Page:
Over 100 high-breed cats were registered with the Feline Club of India (FCI) at Ahmedabad’s first Cat Convention at the banquet hall of Hotel Mann Residency on Sunday. It was a visual treat for cat lovers, with some magnificent looking young felines making their debut in Ahmedabad’s cat society. Some peeped out of boxes, others were in view in more elaborate containers and quite a few simply sat on their owner’s laps. Adding to the festive atmosphere were stalls set up by a number of cat food and cat product brands, offering free samples.
FCI also had a microchipping counter at the convention, where cat owners could implant their pets with under-the-skin microchips as a form of identification in case they wander off and get lost. One of the delegates to avail of this was Priyanshi Jariwala, who got Peach, her four-year-old Persian cat, implanted with a microchip. Priyanshi is immigrating to Canada later this year and she intends to take Peach with her. “The convention was an experience both for me and Peach. She is a house cat and had never seen so many other cats before. But she was fine so long as I kept her close.”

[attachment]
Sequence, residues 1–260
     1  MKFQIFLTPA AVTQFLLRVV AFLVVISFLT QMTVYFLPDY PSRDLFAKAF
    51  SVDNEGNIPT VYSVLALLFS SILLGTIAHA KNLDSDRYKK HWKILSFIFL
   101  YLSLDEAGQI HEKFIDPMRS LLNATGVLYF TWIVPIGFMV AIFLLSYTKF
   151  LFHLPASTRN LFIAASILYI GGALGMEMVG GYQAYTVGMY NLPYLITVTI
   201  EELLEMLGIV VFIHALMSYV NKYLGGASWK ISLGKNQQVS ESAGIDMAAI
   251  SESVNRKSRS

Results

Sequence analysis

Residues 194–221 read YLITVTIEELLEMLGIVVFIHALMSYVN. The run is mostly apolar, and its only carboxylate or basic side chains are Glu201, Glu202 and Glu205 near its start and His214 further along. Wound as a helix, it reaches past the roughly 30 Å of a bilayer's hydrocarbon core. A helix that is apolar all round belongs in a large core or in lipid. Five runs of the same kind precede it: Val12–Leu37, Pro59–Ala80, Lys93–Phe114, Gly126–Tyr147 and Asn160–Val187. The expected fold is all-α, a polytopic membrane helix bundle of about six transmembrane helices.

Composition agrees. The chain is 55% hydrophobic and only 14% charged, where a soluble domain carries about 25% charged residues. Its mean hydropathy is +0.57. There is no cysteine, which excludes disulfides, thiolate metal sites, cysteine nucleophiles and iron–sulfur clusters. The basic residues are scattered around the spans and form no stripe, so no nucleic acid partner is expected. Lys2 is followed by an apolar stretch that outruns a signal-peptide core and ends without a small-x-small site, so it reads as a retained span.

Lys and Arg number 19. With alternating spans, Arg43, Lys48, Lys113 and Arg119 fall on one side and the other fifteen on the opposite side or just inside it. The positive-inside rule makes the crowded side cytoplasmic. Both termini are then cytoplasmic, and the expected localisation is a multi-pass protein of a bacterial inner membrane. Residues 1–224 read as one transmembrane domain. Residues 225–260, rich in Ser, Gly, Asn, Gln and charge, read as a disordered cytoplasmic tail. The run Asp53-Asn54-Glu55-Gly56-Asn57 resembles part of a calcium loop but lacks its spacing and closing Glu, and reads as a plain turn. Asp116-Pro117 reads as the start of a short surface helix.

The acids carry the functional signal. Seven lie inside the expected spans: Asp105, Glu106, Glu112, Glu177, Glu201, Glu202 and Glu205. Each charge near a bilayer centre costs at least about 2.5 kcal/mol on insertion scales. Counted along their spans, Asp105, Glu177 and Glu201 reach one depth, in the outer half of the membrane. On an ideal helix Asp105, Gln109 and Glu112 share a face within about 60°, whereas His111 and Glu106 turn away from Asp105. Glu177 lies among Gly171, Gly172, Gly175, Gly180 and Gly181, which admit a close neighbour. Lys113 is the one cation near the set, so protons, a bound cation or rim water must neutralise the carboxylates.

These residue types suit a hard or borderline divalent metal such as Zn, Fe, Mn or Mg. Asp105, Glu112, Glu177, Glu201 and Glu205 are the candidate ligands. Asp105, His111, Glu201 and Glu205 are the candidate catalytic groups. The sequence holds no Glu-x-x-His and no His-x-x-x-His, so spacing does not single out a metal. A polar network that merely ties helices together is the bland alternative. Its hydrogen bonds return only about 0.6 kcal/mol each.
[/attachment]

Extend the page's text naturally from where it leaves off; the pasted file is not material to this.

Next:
Another delegate was Zarin Sayyed who has 48 Persian cats at home, of which she brought only one to the convention. “I started with two cats and they just multiplied. At that time, I didn’t know about neutering. But my husband and I are happy having so many cats. We live in a two-bedroom flat and there’s enough room for them,” she says.
Addressing the convention, FCI president Saquib Pathan said first-time cat owners invariably had to deal with objections from their family members and neighbours. “All of us here have faced these battles and come through victorious,” he said. Pathan made a presentation on cat patterns and colours, as well the origins of cat breeds. He displayed his own Maine Coon, the world’s biggest domestic cat breed, weighing 7 kgs on an average. He also displayed a spotted Bengal cat, which has a leopard-like fur pattern.
Pathan, who is from Nashik, Maharashtra, said this is FCI’s first event in Ahmedabad, but it plans to return to the city in December for a cat show. “Dog breeding is well established but cat breeding is still fairly new in India. We need to catch up. Before the pandemic, we had already done cat shows in Surat and Baroda,” he said.
In a lively interactive session, Ahmedabad-based veterinarian Chirag Dave talked about feline health issues. He was followed by Professor Utpal Tatu of the Indian Institute of Science, Bangalore, who made a presentation on new technologies in veterinary sciences. Tatu is associated with a company called Pet Biotech and informed the audience that “we can now do breed and parentage analysis to determine if your cat is really a pure Persian or Bengal cat.”